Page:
A Patent License Conundrum:
Is the Definition of “Valid Claim” Subject to Arbitration?

Thomas C. Carey

By Thomas Carey. Chair of our Business Practice Group

October 2017 IP Update

A federal trial judge in San Francisco has provided food for thought for patent licensors and licensees.   Litigation arose from a 2002 patent license agreement between Novartis Vaccines and Diagnostics Inc. as licensor and Abbvie Inc. as licensee.  The patents pertained to treatments for hepatitis C.

The license agreement required the payment of royalties on products that would, but for the license, infringe a “Valid Claim” of the licensed patents.  “Valid Claim” was defined, as it usually is, to include any claim in a licensed patent or patent application that has not been found by a court or governmental agency to be invalid.  The license agreement also contained an arbitration provision that applied to any disputes “that relate to either party’s rights and/or obligations” under the license agreement.

Ten years later, the US Supreme Court issued a series of opinions that reinforced and expanded older rulings that laws of nature, natural phenomena and abstract ideas fall outside the scope of patent-eligible discoveries.  None of these cases involved the patents licensed to Abbvie or technologies related to hepatitis C.

Abbvie decided that it no longer should pay royalties on the hepatitis C patents because, in its view, the recent Supreme Court cases rendered the patents invalid.  In suing for a declaratory judgment, it was following in the wake of others who had convinced the Supreme Court that licensees could challenge patents that they had licensed even if the license agreement said they couldn’t.

Two Supreme Court precedents loom over this case.  In Lear v. Adkins (1969), reversing an earlier decision, the court held that a licensee could challenge the validity of a patent without terminating the license agreement. The Lear opinion sets contract law at odds with a federal policy promoting free competition as enshrined in the Sherman Act.  The court declared:

Surely the equities of the licensor do not weigh very heavily when they are balanced against the important public interest in permitting full and free competition in the use of ideas which are in reality a part of the public domain. Licensees may often be the only individuals with enough economic incentive to challenge the patentability of an inventor’s discovery. . . . We think it plain that the technical requirements of contract doctrine must give way before the demands of the public interest in the typical situation involving the negotiation of a license after a patent has issued.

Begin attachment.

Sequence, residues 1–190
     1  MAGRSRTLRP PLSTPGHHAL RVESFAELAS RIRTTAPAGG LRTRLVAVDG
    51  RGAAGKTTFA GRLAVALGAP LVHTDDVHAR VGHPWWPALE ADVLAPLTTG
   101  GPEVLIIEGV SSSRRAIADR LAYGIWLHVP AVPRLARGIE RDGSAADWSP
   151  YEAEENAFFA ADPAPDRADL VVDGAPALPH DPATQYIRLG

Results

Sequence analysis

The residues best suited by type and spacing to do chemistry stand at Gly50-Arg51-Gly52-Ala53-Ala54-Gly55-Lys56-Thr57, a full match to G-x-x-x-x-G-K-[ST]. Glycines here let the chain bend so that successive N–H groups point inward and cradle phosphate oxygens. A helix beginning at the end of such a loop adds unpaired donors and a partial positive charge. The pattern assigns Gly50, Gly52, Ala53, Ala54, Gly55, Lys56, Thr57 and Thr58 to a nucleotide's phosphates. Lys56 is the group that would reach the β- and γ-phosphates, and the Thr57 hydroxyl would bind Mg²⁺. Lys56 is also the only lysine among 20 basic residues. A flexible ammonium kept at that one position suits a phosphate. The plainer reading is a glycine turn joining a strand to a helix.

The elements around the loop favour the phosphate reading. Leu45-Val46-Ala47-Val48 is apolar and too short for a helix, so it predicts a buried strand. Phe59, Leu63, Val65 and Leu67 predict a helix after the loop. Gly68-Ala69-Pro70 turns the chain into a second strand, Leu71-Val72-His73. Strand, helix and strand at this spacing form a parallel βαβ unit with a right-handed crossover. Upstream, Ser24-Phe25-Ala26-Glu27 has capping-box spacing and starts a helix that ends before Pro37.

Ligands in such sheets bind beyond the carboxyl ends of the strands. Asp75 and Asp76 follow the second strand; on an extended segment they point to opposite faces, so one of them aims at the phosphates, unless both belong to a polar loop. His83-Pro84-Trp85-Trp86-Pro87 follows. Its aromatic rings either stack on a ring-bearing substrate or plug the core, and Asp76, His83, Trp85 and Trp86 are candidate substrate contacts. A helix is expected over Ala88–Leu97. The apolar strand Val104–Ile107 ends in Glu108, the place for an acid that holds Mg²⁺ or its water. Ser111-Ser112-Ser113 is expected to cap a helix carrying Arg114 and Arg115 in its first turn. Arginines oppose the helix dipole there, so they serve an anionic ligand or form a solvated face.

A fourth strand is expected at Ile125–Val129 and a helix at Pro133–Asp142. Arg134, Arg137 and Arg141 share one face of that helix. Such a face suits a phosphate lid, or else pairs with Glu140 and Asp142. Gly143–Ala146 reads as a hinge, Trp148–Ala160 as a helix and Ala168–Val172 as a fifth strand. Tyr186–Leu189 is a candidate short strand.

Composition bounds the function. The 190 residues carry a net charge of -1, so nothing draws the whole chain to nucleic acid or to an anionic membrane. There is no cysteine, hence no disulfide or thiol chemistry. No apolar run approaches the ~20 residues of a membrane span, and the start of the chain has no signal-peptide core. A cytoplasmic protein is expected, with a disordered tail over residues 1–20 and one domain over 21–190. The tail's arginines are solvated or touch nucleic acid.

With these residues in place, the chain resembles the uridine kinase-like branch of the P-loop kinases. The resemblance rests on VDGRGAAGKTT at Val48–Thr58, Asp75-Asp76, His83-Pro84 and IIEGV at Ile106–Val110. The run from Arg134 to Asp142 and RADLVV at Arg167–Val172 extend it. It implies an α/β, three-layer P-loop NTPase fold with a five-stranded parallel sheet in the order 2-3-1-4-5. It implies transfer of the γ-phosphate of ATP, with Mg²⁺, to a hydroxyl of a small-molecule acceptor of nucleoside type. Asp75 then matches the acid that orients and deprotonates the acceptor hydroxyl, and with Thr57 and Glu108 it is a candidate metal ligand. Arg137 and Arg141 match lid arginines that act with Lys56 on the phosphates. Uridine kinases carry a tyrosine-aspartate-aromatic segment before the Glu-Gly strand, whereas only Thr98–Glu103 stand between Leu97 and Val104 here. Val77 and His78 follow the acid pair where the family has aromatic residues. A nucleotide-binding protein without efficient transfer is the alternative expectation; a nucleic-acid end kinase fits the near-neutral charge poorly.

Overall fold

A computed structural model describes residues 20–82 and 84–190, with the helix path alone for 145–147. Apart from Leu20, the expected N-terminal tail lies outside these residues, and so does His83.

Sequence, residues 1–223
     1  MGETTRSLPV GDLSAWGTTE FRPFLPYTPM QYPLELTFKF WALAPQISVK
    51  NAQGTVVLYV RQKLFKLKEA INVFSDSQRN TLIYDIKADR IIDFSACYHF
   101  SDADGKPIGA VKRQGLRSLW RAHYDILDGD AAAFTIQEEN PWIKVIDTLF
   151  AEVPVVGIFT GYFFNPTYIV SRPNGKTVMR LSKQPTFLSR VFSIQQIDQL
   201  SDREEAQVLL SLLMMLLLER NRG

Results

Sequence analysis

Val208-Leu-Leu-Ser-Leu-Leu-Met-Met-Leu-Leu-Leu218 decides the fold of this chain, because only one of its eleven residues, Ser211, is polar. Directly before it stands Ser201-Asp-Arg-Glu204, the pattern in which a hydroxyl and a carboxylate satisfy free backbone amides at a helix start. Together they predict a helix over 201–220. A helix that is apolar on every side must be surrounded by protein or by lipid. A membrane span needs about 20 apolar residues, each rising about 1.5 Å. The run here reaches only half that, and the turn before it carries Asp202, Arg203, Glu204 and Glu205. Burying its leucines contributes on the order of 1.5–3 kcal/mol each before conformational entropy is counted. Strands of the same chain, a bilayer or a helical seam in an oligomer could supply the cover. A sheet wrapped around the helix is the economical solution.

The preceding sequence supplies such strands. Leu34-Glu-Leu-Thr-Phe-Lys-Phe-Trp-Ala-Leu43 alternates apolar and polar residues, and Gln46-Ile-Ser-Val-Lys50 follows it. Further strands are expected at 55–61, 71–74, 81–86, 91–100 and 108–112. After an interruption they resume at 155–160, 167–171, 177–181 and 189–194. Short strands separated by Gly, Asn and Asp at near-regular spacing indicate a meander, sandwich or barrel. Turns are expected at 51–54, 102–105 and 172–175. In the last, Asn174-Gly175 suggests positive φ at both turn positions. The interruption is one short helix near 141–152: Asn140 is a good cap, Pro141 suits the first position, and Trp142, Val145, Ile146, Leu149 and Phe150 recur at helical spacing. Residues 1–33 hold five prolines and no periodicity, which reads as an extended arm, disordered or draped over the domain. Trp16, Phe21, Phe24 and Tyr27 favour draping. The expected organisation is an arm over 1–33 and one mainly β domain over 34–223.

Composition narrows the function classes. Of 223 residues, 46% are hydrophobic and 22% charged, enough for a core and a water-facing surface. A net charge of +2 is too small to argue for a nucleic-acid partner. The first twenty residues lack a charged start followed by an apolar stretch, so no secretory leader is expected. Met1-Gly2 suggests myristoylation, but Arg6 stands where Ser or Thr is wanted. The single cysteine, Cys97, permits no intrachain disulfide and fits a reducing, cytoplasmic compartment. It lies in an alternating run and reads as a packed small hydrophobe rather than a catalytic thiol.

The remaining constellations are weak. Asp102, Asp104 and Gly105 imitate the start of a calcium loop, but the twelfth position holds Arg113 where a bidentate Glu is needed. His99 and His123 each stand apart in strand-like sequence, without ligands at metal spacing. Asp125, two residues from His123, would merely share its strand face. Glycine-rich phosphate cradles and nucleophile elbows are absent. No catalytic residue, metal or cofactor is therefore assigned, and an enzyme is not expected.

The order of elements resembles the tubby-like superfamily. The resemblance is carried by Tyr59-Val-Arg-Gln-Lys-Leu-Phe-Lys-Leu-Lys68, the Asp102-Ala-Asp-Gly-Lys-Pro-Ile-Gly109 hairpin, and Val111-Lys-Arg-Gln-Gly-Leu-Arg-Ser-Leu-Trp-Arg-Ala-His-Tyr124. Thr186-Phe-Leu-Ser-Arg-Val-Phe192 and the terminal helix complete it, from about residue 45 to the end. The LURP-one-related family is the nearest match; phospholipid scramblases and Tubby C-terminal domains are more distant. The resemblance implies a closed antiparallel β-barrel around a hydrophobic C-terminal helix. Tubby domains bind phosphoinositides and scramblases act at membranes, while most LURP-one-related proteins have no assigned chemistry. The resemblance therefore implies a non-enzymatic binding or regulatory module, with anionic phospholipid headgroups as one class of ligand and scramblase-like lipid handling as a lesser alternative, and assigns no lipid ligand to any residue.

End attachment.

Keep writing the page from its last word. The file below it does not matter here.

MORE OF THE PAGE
Lear thus suggests that the licensee’s challenge to the patent is justified not by contract but by the public interest in having bad patents challenged.

However, in Medimmune Inc. v. Genentech Inc. (2007) the court focused on the constitutional requirement that a “case or controversy” exist before a federal court can assert jurisdiction.  In that case the patent licensee sought a declaratory judgment of invalidity without terminating the license.  The licensor argued that there was no case or controversy with the license still in effect, and that the federal courts therefore lacked jurisdiction to issue a declaratory judgment.  The Supreme Court characterized the dispute as rooted in the license agreement, not one based upon a public policy favoring the scrutiny of patents, and concluded that a controversy existed as to whether the licensee should be paying royalties under it.

Abbvie’s complaint seeking a declaratory judgment of invalidity cited no provisions of its license with Novartis, only that the license existed.  Instead, it explained why the licensed patents should be deemed invalid in light of the recent Supreme Court cases mentioned above that invalidated patents that merely recite laws of nature or describe naturally occurring molecules.  According to Abbvie, Novartis’s patents did no more than that.

Novartis’s reply included a request that the matter be resolved by arbitration.  In doing so, Novartis characterized Abbvie’s complaint as one involving the meaning of “Valid Claim”, a matter of contract interpretation that, according to Novartis, was subject to the arbitration clause of the license just like any other contract dispute.